Perhaps no one has drawn more attention than a Canadian university student in Nova Scotia named Grant Oyston. He has long questioned the charity behind the Kony 2012 movement.
His website, Visible Children, has garnered over 2.5 million views. After a notorious perception early on, he's starting to look a little better in the public’s eye as the infamous Kony campaign has taken a negative turn for the charity Invisible Children.
The Ugandan people were quite upset about the video, which was screened in front of thousands. They threw rocks at the screen, The National Post reports.
"Social media can cut both ways," Oyston said in an interview Tuesday with the Canadian Press. "Millions of people around the world are now aware of an issue that they weren’t before. The issue is whether they have enough information about it to have the right decisions."
The Visible Children website showcases the power that social media can have on amplifying spinoffs of existing real-time popular trends. It's something that many amateur video producers and video bloggers try to do on YouTube: monetize popular trends to gain advertising revenue from thousands of views.
Luckily for Oyston, the arrogance surrounding Kony has subsided. He has received death threats—there is even a public relations firm working against him, saying that Oyston was naive and misinformed. Education levels on the topic for the most part have increased since, allowing Oyston's situation to improve.
He did make good points against the cause and cited the very complicated nature of the situation in Uganda—points that Oyston feels have been built on by people more closely connected to the situation.
"It can be a great way to spread a message of awareness very quickly," Oyston told the Herald. "But unless it’s used it can lead people to not do the research and not to have as thorough discussion as they otherwise would."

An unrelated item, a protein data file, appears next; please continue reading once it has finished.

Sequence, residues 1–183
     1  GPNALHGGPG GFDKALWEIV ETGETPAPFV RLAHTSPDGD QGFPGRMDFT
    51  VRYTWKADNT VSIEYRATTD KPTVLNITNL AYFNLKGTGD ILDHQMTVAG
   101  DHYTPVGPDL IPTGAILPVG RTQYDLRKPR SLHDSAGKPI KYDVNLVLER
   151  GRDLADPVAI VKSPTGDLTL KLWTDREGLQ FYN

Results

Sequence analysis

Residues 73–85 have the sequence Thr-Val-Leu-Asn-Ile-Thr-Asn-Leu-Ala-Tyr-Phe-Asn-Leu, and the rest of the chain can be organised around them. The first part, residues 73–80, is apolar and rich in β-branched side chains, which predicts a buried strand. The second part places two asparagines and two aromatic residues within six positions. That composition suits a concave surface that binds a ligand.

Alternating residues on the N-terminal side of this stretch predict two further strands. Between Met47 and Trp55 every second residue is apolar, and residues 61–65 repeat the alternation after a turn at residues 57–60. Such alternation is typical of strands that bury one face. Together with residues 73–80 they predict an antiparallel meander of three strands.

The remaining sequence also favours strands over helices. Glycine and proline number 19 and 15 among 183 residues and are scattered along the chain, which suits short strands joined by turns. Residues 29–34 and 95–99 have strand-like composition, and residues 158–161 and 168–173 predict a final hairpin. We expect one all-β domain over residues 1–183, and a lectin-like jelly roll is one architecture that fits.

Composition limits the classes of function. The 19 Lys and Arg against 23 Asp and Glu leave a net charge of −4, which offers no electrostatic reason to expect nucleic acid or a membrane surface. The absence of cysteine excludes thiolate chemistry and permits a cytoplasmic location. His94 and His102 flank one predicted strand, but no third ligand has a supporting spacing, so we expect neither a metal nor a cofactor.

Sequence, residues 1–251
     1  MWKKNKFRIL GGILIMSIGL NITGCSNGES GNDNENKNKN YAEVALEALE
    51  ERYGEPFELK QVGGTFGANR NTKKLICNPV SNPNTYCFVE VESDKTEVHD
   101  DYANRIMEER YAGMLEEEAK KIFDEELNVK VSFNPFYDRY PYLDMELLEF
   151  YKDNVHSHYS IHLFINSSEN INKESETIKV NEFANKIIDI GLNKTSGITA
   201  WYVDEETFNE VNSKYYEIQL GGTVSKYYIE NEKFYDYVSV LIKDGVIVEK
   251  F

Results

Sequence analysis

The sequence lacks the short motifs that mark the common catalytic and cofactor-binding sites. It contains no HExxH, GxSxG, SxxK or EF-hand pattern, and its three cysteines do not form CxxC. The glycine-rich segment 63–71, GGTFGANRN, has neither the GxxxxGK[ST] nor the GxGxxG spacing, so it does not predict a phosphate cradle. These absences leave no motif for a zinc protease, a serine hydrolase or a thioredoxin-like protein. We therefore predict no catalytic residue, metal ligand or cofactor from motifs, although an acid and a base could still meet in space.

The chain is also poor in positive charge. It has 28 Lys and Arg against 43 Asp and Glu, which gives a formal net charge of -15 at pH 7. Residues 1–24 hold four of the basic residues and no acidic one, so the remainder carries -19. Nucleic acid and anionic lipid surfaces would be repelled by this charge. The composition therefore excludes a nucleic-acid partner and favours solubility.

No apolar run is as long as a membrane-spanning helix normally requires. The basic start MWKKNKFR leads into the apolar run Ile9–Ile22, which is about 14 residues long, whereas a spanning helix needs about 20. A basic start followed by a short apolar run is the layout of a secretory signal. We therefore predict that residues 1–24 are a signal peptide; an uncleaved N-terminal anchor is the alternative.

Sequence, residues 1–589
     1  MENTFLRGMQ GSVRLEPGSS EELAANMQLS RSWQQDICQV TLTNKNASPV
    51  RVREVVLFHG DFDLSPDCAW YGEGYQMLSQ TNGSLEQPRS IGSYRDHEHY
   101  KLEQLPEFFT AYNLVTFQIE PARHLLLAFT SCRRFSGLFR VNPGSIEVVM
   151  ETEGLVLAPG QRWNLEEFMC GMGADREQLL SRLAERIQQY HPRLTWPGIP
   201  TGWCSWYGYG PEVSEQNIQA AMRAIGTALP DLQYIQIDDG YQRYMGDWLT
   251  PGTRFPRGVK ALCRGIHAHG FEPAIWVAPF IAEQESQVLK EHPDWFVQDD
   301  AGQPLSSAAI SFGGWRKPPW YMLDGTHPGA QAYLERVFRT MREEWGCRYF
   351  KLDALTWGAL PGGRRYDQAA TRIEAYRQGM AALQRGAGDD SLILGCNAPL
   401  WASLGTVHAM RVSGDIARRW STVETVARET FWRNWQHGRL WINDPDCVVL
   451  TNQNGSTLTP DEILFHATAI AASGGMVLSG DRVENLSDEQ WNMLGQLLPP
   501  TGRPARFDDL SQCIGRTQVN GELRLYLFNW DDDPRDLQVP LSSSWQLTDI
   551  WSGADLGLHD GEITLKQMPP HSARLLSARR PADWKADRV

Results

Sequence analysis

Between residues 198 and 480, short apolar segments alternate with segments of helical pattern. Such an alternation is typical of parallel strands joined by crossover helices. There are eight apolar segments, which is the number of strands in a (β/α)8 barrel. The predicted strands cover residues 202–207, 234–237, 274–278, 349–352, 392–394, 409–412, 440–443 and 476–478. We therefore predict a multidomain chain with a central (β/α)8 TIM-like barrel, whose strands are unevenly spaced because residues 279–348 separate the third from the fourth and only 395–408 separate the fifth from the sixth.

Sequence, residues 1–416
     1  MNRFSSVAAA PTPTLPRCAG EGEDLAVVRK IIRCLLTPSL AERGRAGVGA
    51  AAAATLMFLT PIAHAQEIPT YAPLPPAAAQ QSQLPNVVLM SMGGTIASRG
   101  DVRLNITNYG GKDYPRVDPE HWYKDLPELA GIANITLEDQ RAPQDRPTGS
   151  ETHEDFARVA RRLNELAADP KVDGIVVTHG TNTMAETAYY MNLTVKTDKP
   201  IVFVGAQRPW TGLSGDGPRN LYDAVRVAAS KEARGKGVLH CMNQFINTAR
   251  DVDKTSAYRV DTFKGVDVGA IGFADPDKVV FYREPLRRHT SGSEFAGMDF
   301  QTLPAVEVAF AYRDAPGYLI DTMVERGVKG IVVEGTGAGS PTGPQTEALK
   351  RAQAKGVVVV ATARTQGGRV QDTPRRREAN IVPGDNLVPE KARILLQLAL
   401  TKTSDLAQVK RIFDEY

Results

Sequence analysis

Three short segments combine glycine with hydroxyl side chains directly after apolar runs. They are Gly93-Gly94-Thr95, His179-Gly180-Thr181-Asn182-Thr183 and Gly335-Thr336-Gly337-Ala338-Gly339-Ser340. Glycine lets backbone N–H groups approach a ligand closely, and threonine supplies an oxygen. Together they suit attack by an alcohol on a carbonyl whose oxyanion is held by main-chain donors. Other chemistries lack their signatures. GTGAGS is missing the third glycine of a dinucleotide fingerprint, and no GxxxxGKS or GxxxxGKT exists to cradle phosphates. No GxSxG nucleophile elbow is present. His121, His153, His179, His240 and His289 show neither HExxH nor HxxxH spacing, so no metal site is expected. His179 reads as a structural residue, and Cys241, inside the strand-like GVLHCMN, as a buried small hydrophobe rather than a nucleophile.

Given the turbulent beginnings of the harsh response towards Grant Oyston in the beginning, it was clear that people acted towards Kony 2012 in a very arrogant way—they just wanted to see Joseph Kony pay for his atrocities without knowing any more about the situation. It was all based on one video produced by a charity almost no one had ever heard of.
All this makes me wonder about society in general. Can we really trust the masses' opinion over a number of smarter people closely connected to the situation? Is society in general under educated? Can we really trust trends as they come into popularity and the big data derived from the gathered "trending information"?
Companies want to visualize all of this data like 2.5 in a 3D way, which Techvibes showcased last month.
People will end up making educated decisions based on that data. Further, it's very easy to spread an infographic to raise awareness about an issue—more people could fall for the wrong statistics. I'm concerned that companies will end up relying solely on the data and not on a combination of data and intuition among other things.
That's what will lead to mistakes: I have said before that the opinion of 100,000 people depends on how educated those 100,000 people are, and I will say it again—big data cannot be everything for a company moving forward, as much as companies want you to believe so.
Kony 2012 has proven just that.
Photo: Andrew Vaughan / CP